LANGUAGES — Yanming An recently published a Chinese translation of Georg Brandes’ “Friedrich Nietzsche” in Yilin Press of China.
VISUAL ART — Todd Anderson participated in a panel discussion, “Don’t just stand there, do something,” chaired by Robert Derr at the 2021 College Art Association (virtual) Conference. The panel focused on collaborative art practices centered on social and environmental change. Anderson discussed “The Last Glacier,” a small art collective he co-founded about 10 years ago. In addition, Anderson’s work is featured in the exhibit “The Last Glacier: Images of Our Changing Landscape” through June 19 at the Hockaday Museum of Art in Kalispell, Montana. The exhibition is being featured by Extraction: Art on the Edge of the Abyss, a print and web-based special global project of the Codex Foundation. The project brings together about 50 exhibitions and art interventions throughout North and South America, Europe, and Australia, centered on societal change and the climate crisis. Visit Extraction here.
COLLEGE OF ARCHITECTURE, ARTS AND HUMANITIES — James Burns‘ article “The African Bioscope—Movie House Culture in British Colonial Africa,” is being reprinted in a special three-volume issue of “Black Camera: An International Film Journal” commemorating the 50th anniversary of FESPACO (Festival panafricain du cinema et de la television de Ouagadougou), the oldest African film festival. The editor in chief called the essay “integral to an understanding of the colonial formation of African cinema.” The article was originally published in the French journal “Afrique & Histoire.”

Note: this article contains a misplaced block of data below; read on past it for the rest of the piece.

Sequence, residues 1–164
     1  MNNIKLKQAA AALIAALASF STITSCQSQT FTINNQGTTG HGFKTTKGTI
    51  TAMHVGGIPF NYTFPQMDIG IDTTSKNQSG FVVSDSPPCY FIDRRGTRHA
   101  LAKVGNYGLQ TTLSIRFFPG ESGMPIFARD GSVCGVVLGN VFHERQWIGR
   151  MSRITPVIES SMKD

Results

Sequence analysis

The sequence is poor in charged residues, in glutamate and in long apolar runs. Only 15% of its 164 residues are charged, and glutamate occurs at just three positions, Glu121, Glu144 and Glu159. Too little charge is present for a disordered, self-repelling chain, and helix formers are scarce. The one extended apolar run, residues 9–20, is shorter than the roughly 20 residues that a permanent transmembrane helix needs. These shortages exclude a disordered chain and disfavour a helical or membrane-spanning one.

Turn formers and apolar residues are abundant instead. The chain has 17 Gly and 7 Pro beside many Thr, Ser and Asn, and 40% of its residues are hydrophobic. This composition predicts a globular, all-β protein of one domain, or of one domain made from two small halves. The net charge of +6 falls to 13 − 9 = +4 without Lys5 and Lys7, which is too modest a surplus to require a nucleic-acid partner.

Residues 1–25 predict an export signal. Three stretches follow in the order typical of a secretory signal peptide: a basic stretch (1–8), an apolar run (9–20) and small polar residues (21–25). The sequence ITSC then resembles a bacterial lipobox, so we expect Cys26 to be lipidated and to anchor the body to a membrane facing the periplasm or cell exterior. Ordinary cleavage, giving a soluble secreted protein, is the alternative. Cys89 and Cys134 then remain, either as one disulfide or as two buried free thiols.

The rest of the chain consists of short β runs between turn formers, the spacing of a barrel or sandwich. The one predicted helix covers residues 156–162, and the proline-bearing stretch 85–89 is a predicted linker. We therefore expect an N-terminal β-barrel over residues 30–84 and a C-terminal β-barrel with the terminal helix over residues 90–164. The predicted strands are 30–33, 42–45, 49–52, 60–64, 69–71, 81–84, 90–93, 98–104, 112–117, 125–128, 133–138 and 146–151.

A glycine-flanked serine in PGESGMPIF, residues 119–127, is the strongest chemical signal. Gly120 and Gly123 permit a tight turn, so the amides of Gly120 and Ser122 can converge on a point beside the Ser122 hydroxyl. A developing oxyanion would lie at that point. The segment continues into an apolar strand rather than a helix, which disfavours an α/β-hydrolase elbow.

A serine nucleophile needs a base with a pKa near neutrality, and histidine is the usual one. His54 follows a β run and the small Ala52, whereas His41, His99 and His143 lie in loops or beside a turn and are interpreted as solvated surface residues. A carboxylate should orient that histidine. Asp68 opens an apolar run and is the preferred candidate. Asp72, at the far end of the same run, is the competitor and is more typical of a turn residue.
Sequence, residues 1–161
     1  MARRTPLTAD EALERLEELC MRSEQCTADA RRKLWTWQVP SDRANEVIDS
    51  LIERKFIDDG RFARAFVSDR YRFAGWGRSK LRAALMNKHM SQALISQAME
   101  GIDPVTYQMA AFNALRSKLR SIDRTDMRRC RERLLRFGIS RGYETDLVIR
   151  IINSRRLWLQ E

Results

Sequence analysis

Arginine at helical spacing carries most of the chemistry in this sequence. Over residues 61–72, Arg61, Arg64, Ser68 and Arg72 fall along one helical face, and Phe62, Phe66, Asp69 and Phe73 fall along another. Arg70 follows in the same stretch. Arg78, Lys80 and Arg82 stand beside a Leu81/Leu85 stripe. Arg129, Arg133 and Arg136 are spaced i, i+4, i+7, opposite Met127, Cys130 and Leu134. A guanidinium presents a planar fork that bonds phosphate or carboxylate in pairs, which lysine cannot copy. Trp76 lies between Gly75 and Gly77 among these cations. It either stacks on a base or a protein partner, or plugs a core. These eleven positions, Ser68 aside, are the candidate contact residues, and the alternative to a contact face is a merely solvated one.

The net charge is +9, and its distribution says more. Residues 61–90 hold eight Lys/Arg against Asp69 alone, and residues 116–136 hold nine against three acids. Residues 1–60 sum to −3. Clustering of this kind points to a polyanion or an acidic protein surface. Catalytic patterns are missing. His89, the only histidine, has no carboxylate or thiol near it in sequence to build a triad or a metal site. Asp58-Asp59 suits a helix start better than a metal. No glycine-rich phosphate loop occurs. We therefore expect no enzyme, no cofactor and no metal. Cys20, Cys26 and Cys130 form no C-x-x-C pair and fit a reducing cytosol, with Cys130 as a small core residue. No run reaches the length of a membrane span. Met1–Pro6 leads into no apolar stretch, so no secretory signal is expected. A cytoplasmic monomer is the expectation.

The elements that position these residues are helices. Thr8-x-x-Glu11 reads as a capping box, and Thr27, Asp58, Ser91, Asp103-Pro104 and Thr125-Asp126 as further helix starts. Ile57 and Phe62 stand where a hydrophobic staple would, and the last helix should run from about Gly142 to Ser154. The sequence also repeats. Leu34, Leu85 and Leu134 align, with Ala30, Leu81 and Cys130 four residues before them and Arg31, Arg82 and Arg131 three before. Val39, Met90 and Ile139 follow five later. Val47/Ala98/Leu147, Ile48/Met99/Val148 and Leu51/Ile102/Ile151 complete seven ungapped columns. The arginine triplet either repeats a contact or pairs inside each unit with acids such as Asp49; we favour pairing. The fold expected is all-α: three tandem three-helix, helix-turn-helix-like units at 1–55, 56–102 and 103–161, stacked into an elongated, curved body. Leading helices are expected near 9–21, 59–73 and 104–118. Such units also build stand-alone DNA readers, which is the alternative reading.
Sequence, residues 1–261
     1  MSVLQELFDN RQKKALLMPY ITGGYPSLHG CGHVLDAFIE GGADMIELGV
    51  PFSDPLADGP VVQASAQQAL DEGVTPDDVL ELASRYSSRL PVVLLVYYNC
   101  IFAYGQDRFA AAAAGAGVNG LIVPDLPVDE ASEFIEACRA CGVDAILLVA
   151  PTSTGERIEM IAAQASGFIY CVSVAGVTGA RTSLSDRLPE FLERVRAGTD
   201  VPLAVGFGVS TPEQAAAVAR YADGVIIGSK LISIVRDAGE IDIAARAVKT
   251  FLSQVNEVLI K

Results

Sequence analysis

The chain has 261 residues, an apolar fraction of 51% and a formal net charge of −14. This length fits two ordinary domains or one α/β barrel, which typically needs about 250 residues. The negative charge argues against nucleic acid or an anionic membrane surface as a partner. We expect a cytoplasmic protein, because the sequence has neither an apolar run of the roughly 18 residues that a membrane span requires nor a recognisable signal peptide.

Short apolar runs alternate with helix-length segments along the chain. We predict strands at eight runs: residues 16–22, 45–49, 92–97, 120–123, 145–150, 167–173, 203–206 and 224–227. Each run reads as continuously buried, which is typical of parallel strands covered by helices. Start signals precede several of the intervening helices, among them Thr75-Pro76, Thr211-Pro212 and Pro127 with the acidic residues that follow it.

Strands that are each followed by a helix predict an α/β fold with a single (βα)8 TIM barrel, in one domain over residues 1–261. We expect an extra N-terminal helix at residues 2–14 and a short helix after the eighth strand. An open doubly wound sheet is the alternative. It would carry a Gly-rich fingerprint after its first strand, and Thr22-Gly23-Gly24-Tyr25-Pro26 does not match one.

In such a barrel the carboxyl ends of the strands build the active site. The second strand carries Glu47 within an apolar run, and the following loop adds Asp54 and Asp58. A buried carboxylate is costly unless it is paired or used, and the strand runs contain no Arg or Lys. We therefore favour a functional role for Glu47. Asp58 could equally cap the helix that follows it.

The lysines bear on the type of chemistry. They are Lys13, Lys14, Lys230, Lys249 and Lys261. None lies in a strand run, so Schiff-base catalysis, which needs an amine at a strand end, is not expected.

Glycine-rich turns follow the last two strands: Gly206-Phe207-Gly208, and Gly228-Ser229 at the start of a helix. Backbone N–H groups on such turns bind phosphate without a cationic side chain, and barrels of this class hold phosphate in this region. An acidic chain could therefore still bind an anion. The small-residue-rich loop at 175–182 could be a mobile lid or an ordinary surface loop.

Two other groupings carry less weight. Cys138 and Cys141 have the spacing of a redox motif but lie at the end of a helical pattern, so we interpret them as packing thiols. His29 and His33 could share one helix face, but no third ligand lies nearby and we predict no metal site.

HISTORY AND GEOGRAPHY — Vernon Burton keynoted the first virtual Interdisciplinary Conference on “Race, Identity & Equity” hosted on Feb. 15 by the University of South Carolina at Beaufort. Burton spoke on how different disciplines study and approach race relations. In the “Justice Initiative” newsletter on Feb. 15, editor Heather Gray introduced Burton and highlighted some of his work. She recapped the eight parts she had serialized earlier from Burton’s Foreword to Benjamin E. Mays’ autobiography, “Born to Rebel.” Gray also reprinted part of an interview with Burton by Roy Rosenzweig from 2001 in History Matters. (The complete interview can be viewed here.) Burton was interviewed twice by Gray in February to broadcast later on her Atlanta radio show, “Just Peace” on WRFG-FM. One program aired Feb. 8 with Burton and his friend Emory Campbell about Penn Center and the book Burton wrote, “Penn Center: A History Preserved,” and the second edited interview was aired on Feb. 15 where Gray ranged over a number of topics related to Southern history and race relations, including Burton’s friendship with Mays.
ARCHITECTURE — Joseph Choma gave three invited virtual lectures at the Rachana Sansad’s Academy of Architecture in Mumbai, India, at the Laurentian University in Sudbury, Ontario, Canada and at the Massachusetts Institute of Technology in Cambridge, Massachusetts.